The polylactic acid (PLA) is an ecological bioplastic that can be used to obtain “green” materials for food packaging. PLA is a thermoplastic polymer with a glass transition temperature of about 60°C. In addition, it has good gas barrier properties, it is non-toxic, biodegradable, biocompatible, and it is approved by the Food and Drug Administration (FDA).
The hydrolytic degradation of PLA initially results in lactic acid, which may be decomposed completely in carbon dioxide, water and biomass or, alternatively, it can be purified and used again to produce PLA, thus helping to reduce greenhouse gas emissions. Compared to other plastics derived from petroleum such as polyethylene terephthalate (PET), PLA requires a very small amount of energy to be produced and releases a very low amount of carbon dioxide during its production.
Therefore, PLA is considered an eco-friendly alternative to PET. However, its very high cost, its fragility and its low elongation at break (less than 10%) have so far limited its application to special cases with a high added value. Fortunately many of the properties of PLA, such as its flexibility, can be modulated using carefully selected plasticizers. For PLA several different plasticisers have been used already, but it should be pointed out that for food packaging only non-toxic plasticizers can be used, which are specifically approved for this kind of applications.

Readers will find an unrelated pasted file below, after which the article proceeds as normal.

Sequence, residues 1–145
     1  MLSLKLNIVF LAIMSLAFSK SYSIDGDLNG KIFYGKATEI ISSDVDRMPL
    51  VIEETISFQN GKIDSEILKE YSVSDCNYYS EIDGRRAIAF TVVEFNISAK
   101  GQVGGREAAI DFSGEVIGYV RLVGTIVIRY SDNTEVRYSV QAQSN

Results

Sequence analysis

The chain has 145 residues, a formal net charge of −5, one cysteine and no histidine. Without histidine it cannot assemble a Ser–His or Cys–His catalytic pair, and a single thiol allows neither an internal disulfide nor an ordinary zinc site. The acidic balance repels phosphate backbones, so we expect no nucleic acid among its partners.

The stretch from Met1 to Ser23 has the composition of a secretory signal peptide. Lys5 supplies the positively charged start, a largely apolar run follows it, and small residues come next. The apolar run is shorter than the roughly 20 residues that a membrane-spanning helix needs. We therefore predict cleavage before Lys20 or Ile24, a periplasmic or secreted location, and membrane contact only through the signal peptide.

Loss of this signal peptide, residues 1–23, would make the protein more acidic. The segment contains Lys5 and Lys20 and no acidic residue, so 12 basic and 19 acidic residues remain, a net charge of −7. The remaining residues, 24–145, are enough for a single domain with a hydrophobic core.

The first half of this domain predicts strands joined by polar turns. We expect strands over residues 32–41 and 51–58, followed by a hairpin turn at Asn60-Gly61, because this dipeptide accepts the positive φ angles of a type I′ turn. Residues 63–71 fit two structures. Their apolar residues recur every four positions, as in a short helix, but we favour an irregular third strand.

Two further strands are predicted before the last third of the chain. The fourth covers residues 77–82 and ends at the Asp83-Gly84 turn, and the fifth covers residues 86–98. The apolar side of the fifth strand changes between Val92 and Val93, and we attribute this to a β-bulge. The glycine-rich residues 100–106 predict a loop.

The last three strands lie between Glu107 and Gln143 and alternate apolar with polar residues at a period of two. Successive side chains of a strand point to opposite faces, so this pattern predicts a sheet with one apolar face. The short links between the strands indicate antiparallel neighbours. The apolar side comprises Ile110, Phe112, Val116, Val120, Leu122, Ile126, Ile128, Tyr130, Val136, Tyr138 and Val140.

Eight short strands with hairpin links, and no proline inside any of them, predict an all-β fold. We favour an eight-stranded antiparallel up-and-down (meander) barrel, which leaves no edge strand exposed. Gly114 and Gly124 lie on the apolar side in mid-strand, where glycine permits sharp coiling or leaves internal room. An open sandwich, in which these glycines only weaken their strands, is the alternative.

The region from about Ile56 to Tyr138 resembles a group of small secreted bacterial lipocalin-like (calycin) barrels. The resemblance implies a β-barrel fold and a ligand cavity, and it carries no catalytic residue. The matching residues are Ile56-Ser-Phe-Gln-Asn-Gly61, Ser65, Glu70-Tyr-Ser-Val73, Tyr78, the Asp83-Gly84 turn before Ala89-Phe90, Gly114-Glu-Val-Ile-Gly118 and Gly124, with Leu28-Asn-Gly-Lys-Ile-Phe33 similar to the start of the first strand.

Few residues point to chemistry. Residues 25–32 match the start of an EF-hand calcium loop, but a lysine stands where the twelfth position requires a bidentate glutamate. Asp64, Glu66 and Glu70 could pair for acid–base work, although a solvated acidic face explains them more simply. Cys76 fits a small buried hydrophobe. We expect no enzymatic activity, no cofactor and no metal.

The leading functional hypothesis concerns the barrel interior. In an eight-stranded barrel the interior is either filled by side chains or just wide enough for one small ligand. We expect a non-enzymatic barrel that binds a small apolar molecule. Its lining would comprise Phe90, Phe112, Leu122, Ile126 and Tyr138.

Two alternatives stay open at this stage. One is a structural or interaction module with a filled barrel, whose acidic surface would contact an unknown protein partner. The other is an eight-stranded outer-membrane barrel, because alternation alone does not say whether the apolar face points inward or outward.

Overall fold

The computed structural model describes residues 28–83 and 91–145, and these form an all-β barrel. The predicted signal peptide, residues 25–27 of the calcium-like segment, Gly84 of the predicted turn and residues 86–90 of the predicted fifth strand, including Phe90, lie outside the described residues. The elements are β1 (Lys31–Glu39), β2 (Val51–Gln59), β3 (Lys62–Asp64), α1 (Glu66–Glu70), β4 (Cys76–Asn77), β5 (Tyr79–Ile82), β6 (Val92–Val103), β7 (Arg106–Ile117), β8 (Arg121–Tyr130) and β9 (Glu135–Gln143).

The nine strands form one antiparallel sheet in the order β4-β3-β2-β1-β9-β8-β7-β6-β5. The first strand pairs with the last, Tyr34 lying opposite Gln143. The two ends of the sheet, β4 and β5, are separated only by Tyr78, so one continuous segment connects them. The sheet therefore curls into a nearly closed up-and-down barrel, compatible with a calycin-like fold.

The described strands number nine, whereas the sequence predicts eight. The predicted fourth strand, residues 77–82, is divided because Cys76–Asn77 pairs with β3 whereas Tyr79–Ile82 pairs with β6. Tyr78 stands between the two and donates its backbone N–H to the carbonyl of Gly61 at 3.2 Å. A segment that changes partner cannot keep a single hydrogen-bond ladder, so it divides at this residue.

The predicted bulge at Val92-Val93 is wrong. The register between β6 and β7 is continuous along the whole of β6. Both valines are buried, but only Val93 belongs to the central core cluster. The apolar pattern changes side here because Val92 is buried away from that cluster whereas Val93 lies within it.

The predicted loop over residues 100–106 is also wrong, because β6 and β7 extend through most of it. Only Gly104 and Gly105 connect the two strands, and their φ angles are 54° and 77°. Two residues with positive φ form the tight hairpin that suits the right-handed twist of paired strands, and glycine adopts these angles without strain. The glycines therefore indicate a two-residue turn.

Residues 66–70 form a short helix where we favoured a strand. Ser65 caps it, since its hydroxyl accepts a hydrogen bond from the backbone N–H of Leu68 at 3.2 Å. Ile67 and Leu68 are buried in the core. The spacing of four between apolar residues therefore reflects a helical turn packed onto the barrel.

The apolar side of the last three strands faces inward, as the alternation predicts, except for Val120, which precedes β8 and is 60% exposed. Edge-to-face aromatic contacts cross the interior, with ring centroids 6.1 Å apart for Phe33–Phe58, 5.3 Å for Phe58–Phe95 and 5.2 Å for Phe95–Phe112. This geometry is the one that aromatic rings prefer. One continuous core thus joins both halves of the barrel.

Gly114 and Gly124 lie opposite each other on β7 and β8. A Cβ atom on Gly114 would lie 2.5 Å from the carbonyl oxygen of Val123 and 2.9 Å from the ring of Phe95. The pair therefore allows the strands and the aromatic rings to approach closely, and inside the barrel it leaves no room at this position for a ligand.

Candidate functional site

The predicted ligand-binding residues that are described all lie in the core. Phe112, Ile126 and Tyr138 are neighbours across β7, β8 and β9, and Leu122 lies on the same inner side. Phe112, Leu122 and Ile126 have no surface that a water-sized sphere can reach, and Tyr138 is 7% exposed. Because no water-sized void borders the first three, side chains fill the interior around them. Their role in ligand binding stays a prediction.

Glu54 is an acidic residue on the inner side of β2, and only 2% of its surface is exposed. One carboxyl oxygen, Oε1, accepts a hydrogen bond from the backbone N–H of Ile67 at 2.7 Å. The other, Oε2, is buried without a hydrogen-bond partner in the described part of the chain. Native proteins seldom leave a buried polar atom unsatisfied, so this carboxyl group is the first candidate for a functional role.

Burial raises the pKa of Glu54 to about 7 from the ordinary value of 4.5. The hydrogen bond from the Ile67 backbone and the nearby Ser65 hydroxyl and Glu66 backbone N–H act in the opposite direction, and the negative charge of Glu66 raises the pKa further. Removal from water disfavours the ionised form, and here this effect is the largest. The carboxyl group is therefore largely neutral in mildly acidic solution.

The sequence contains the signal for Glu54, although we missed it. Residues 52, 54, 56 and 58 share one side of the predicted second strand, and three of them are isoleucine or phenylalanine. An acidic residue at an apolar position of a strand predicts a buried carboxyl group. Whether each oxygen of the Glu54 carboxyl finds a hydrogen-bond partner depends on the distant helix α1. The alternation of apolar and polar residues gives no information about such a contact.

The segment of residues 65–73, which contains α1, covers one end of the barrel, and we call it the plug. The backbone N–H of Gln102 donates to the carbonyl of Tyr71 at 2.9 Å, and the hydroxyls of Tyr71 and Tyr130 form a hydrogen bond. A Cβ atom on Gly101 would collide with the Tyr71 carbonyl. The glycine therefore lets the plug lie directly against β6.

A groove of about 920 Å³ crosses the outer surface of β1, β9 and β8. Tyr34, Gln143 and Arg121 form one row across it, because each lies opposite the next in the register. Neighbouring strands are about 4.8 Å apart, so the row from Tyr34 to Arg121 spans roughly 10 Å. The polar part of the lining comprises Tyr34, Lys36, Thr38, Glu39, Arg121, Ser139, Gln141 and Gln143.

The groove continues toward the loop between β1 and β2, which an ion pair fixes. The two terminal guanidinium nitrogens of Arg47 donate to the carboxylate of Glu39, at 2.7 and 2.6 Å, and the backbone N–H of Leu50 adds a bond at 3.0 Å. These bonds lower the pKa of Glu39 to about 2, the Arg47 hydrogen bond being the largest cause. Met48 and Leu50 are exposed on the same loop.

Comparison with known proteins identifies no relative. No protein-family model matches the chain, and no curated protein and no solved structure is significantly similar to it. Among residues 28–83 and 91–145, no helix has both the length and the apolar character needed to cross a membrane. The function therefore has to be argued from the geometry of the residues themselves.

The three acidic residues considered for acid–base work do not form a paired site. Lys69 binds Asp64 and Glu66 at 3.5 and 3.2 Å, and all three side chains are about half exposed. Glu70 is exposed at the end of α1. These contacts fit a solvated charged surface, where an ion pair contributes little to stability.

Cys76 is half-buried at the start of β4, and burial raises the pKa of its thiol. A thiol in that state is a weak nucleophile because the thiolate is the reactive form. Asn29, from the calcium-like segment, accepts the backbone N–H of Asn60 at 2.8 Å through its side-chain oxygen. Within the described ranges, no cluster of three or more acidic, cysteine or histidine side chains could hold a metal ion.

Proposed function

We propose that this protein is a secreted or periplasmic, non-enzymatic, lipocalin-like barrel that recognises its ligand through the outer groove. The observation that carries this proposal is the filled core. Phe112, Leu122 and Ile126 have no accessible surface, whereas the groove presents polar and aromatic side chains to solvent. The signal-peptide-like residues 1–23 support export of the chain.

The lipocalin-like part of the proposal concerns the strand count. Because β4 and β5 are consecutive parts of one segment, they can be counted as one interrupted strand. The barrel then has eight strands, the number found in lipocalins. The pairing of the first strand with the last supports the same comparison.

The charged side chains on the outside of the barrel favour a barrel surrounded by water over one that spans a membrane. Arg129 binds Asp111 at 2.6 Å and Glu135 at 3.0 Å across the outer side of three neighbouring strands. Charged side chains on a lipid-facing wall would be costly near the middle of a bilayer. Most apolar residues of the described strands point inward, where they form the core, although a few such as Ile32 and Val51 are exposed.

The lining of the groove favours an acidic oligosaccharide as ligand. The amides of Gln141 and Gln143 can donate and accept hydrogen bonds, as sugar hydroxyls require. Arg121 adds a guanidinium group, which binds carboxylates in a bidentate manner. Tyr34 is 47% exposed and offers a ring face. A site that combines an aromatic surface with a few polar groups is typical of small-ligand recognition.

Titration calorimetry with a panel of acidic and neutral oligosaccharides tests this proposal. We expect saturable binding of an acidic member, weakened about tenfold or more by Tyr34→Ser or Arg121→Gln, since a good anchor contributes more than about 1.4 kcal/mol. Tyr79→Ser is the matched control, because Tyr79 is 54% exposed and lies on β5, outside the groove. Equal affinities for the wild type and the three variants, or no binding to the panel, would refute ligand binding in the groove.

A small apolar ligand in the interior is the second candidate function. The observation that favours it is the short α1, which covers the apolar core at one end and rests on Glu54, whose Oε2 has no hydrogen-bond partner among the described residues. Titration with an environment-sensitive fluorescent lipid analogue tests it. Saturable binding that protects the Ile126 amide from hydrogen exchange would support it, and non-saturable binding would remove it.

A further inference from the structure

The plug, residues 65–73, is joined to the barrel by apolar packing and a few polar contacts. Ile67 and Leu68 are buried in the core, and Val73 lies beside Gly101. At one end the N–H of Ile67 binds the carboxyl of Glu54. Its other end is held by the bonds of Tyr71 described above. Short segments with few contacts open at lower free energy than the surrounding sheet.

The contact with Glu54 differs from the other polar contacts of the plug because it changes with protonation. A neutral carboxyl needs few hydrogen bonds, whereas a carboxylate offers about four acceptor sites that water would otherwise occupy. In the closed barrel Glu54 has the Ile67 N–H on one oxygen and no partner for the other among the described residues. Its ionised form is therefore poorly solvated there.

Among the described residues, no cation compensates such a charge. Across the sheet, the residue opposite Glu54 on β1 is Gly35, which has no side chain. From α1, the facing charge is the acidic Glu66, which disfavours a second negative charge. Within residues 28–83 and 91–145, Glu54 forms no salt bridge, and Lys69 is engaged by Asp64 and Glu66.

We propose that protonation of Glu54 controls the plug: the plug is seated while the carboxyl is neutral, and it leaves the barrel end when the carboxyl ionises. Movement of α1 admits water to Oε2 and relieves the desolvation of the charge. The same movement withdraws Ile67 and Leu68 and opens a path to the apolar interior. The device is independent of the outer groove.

The choice of a plasticizer for PLA films is usually based on the plasticizer’s compatibility and biodegradability, as well as on the amount of plasticizer necessary for plasticization and on the desired functional properties of the films. The purpose of a study developed in Romania by R. No. Darie-Nita et al., (2016) was to compare the effect of different non-toxic plasticizers on PLA properties. In this study 5 different types of non-toxic biocompatible plasticizers were used:
- Epoxidized soybean oil (USE) obtained from the soybean seeds;
- L-lactide, an ester derived from lactic acid;
- S7 oligomer , obtained from the condensation of 7 units of lactic acid;